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Humboldt-Universitaet zu Berlin - Department of Biology

The medlar in the logo of Späth-Arboretum

With the transfer of the Arboretum to the Humboldt University of Berlin in 1961, the medlar was chosen as the symbol plant of the institution. Whether there were other reasons for this choice besides the attractiveness of this native tree has not been passed down. Since then, the medlar logo has adorned publications (books, leaflets, commemorative publications) from the Späth-Arboretum and also a plaque made of Böttger stoneware issued to mark the 100th anniversary of the Arboretum in 1979. The logo existed in different versions. It has been in its current form since the end of 2014.

 

 

The German medlar (Mespilus germanica L.) - not to be confused with the hemiparasitic mistletoe growing on other trees - is an old fruit tree of the rose family (Rosaceae). Contrary to what its name suggests, the medlar comes from the area of present-day Iraq. It came to us via Asia Minor and Greece in the luggage of Roman legionnaires. And it would have been forgotten if it had not survived for a long time in German monastery gardens and had been used there. This is where the name German medlar comes from, even though today it is cultivated more strongly in the Balkan and Danube countries as well as Italy and Holland.

The genus medlar (Mespilus) comprises only one species. It is closely related to the genera Eriobotrya (loquat), Cotoneaster (dwarf medlar), Amelanchier (shadbush) and Crataegus (hawthorn).

The medlar is a broadly spreading shrub or small tree up to 6 m high. The young twigs are tomentose. The leaves of the deciduous tree are alternate, short stalked and 7-12 cm long, serrate or with almost entire margins. The white flowers have a diameter of up to 5 cm. There are 30 to 40 stamens in annular arrangement and with pink anthers. The flower is almost sessile and does not smell. Due to the late flowering in May/June the medlar is hardly endangered by late frosts. The medlar is self-fertile. The fruits are brown, top-shaped, similar to a flattened rose hip of about 4 cm in diameter and with very conspicuous long calyx tips. The old popular names "Hundsärsch" ("Dog's Ass") or "Apenars" allude to the unusual fruit shape. Botanically the medlar is a aggregate drupe with 5 drupelets, each with a solid pit.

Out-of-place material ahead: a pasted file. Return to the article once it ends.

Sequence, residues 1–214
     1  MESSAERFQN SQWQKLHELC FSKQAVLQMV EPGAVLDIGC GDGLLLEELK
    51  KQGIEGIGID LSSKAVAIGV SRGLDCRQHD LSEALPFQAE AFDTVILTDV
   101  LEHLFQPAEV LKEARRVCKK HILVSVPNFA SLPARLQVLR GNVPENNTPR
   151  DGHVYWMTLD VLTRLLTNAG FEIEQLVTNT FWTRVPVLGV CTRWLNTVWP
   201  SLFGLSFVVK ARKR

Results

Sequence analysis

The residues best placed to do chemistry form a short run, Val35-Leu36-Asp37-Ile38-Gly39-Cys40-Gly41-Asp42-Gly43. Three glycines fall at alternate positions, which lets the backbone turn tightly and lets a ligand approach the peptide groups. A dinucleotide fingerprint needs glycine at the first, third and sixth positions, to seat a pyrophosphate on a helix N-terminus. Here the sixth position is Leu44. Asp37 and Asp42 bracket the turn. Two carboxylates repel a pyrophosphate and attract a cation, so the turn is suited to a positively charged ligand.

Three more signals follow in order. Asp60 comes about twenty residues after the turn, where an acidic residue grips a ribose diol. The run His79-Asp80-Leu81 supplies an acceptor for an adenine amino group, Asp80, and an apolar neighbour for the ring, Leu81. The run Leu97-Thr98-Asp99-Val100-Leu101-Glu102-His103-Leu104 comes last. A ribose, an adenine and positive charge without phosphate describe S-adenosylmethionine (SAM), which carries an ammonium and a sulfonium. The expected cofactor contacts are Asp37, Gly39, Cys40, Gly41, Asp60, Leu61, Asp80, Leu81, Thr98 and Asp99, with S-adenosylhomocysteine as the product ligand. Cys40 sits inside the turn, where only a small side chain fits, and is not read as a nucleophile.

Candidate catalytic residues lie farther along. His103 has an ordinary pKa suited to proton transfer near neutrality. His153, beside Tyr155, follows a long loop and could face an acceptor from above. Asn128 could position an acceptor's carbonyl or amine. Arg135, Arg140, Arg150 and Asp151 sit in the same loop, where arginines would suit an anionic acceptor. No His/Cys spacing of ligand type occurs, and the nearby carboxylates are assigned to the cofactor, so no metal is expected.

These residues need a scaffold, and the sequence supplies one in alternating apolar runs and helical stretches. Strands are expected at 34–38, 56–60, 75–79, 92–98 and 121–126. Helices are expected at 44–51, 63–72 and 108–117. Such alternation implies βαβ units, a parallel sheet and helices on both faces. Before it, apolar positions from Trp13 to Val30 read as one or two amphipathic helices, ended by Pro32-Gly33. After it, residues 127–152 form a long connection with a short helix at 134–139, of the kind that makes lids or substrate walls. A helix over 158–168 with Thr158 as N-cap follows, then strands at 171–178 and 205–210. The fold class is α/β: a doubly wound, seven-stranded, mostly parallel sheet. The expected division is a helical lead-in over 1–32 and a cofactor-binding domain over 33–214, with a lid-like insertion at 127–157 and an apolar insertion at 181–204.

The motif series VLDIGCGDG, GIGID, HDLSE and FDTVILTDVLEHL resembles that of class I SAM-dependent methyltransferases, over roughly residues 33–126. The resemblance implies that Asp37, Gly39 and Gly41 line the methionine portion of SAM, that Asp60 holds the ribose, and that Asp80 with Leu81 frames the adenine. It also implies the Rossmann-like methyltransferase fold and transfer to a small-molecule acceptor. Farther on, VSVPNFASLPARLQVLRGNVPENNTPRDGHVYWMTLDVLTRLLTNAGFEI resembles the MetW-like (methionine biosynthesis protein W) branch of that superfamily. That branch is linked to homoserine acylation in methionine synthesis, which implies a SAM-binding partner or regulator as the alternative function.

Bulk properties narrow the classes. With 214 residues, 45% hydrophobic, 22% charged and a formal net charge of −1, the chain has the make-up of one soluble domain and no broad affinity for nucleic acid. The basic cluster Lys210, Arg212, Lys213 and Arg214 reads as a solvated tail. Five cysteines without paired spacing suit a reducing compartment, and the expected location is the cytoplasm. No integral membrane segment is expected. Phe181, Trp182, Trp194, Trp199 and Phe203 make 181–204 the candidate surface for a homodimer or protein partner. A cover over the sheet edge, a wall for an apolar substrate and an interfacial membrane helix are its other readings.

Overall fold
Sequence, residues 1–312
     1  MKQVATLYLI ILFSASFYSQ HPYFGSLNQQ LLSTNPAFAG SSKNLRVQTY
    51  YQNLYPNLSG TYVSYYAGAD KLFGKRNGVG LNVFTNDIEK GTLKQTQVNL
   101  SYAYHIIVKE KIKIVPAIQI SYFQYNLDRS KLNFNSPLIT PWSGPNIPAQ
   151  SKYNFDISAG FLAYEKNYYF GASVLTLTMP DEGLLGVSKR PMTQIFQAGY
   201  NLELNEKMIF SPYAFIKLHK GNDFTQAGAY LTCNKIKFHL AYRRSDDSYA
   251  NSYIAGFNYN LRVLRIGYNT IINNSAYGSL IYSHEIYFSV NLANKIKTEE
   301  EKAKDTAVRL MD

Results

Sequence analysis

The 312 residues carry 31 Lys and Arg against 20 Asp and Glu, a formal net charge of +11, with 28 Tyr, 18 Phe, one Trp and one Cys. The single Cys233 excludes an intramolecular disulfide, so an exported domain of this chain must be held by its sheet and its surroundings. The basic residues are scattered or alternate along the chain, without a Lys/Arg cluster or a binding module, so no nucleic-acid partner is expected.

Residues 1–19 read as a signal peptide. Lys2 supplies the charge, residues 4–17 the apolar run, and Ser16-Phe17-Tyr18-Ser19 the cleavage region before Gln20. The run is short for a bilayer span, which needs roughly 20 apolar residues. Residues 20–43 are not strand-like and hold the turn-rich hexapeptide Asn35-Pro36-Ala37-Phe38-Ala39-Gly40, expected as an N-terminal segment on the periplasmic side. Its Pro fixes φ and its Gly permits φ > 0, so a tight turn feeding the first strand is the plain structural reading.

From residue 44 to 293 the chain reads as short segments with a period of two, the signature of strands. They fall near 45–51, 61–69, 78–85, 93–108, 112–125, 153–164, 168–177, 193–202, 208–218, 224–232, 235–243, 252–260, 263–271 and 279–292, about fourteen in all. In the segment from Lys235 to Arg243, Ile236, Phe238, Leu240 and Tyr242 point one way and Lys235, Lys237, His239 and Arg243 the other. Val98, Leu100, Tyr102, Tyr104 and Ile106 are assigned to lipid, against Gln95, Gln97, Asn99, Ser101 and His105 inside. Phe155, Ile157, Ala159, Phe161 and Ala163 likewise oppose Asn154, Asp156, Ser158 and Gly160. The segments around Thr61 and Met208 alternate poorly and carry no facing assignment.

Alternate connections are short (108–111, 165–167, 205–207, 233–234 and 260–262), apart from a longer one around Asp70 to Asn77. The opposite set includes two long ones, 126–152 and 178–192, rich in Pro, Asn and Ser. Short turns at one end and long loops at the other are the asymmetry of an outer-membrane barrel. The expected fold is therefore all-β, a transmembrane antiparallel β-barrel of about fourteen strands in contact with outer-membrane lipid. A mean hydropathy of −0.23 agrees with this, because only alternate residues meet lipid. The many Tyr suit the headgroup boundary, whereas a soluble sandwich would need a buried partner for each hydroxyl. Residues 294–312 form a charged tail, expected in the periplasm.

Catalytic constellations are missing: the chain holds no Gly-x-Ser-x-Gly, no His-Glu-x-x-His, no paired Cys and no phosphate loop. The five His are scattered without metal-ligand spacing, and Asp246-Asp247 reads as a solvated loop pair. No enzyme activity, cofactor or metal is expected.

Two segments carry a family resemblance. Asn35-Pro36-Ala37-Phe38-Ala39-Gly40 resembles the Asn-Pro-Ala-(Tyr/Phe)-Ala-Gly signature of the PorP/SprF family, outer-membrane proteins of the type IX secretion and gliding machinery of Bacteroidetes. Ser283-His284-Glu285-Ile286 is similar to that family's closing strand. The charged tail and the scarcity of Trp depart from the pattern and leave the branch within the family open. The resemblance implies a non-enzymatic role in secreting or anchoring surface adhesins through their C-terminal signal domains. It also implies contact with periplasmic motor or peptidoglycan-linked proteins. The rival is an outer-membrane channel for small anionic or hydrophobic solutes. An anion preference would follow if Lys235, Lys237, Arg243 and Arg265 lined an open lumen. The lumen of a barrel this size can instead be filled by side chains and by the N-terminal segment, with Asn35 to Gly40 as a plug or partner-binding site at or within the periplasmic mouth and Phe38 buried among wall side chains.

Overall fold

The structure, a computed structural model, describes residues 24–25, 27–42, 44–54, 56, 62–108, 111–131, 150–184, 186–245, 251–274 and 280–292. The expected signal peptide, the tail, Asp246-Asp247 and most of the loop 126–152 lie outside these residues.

Photo: Kirstin Grunwald

 

The fruits are only edible after the first frost. They also ripen when in storage after harvest. The fruits can be processed into jam, juice and liqueur, serve to enhance fruit wine, are marinated in honey or vinegar. They are dried and ground and baked.

An astringent effect is described in old herbal books for bark, leaves and unripe fruits. Parts of plants or extracts are supposed to stop bleeding, were used against kidney stones, throat complaints and to regulate intestinal activity; the latter presumably because of the very high pectin content of the fruits.

The wood of the medlar is yellowish brown and heavy. Because of its hardness it was used for the production of hunting spears and fighting equipment, was used in carpentry, turning and charcoal production.

The slowly growing trees with their white flowers, a beautiful brown-red to dark yellow autumn colouring and the usable fruits turn the medlar into a valuable tree for the garden.

In the Arboretum, in addition to a magnificent and productive specimen on section 25, there are two chimeric or hawthorn-medlars with smaller fruits reminiscent of hawthorn in section 14.

 

References:

SCHUSTER, R. (1989). Bäume und Sträucher von Abies bis Zelkova - Wissenswertes über Freilandgehölze des Botanischen Gartens der Ernst-Moritz-Arndt-Universität Greifswald, Greifswald 

FRIEDRICH, G. und W. SCHURICHT (1985). Seltenes Kern-, Stein- und Beerenobst, Leipzig

VENT, W., D. BENKERT und K.-H. HOEPFNER (1979). Dendrologischer Führer durch das Arboretum des Museums für Naturkunde der Humboldt-Universität zu Berlin, Berlin

VETVICKA, V. (1985). Bäume und Sträucher, Artia-Verlag Praha